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The Apple v. Samsung jury on Friday meted out $119.6 million in damages to Apple after ruling Samsung infringed on two Apple patents. Considered a win, the award is still a ways off from the $2.2 billion Apple was seeking in its suit.
Following weeks of testimony and three days of deliberations, the eight-member Apple v. Samsung jury reached a decision awarding Apple $119,625,000 on three infringed patents and Samsung $158,400 on one patent, according to in-court reports from Re/code. The jury foreman, a former IBM executive, read the verdict to those present at the U.S. District Court for the Northern District of California in San Jose on Friday.
The jury found all accused Samsung devices in infringement of Apple's '647 data detectors patent and partial infringement on the '721 patent for "slide-to-unlock" functionality, a contentious piece of IP in the case. Presiding Judge Lucy Koh already found Apple's '172 patent for text prediction to be infringed by Samsung in a summary judgment in January. Samsung wholly won its defense on the '959 universal search and '414 background syncing patents.
"We are grateful to the jury and the court for their service," Apple said in statement. "Today's ruling reinforces what courts around the world have already found: That Samsung willfully stole our ideas and copied our products. We are fighting to defend the hard work that goes into beloved products like the iPhone, which our employees devote their lives to designing and delivering for our customers."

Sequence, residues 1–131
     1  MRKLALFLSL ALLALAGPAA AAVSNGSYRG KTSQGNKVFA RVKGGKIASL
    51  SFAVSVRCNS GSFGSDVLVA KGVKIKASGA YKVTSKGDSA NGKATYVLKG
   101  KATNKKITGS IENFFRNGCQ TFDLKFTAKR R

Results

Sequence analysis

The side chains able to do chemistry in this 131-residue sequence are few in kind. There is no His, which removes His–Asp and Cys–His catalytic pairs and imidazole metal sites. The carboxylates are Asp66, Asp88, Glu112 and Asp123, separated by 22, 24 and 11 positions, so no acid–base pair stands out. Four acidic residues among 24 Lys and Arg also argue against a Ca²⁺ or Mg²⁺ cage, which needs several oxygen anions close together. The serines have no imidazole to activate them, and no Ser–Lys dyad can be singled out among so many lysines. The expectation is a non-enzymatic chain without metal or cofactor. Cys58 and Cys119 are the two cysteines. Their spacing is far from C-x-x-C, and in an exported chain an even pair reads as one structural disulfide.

Samsung also won $158,400 for Apple's infringement of its '449 patent for an "Apparatus for recording and reproducing digital image and speech," which was invented by Hitachi. No infringement was found on the Korean company's purchased '239 property that was being leveled against FaceTime.
In its second major California court case against Samsung, Apple accused the Korean company of infringing on five patents including properties covering swipe-to-text, universal search and data detectors. Apple sought $2.19 billion in damages on lost profits and royalties, a figure Samsung called a "gross exaggeration" of the patents' worth.
For its part, Samsung leveled a countersuit that started out with five selected patents, though only two made it to trial after case paring. The company was seeking damages for less than $7 million.
The ruling will almost certainly be appealed, however, as both sides seek to counter the jury's decision in favor of their respective cases.
The jury is scheduled to return to court on Monday at 9 a.m. PST to discuss an error Apple discovered in the verdict. According to the form, the jury assigned $0 in damages for Samsung's Galaxy S II over infringement of Apple's '172 patent, a figure that needs to be clarified.